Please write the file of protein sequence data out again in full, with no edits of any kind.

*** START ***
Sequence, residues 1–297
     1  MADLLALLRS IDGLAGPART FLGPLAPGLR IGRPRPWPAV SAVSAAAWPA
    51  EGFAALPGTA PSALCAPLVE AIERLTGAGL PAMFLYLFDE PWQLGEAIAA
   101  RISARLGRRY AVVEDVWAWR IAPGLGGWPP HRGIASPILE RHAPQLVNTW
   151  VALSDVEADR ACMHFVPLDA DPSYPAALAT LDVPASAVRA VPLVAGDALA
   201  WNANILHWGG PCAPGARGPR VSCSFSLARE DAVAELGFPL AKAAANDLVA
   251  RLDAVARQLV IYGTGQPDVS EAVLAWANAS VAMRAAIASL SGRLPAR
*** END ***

Sequence, residues 1–297
     1  MADLLALLRS IDGLAGPART FLGPLAPGLR IGRPRPWPAV SAVSAAAWPA
    51  EGFAALPGTA PSALCAPLVE AIERLTGAGL PAMFLYLFDE PWQLGEAIAA
   101  RISARLGRRY AVVEDVWAWR IAPGLGGWPP HRGIASPILE RHAPQLVNTW
   151  VALSDVEADR ACMHFVPLDA DPSYPAALAT LDVPASAVRA VPLVAGDALA
   201  WNANILHWGG PCAPGARGPR VSCSFSLARE DAVAELGFPL AKAAANDLVA
   251  RLDAVARQLV IYGTGQPDVS EAVLAWANAS VAMRAAIASL SGRLPAR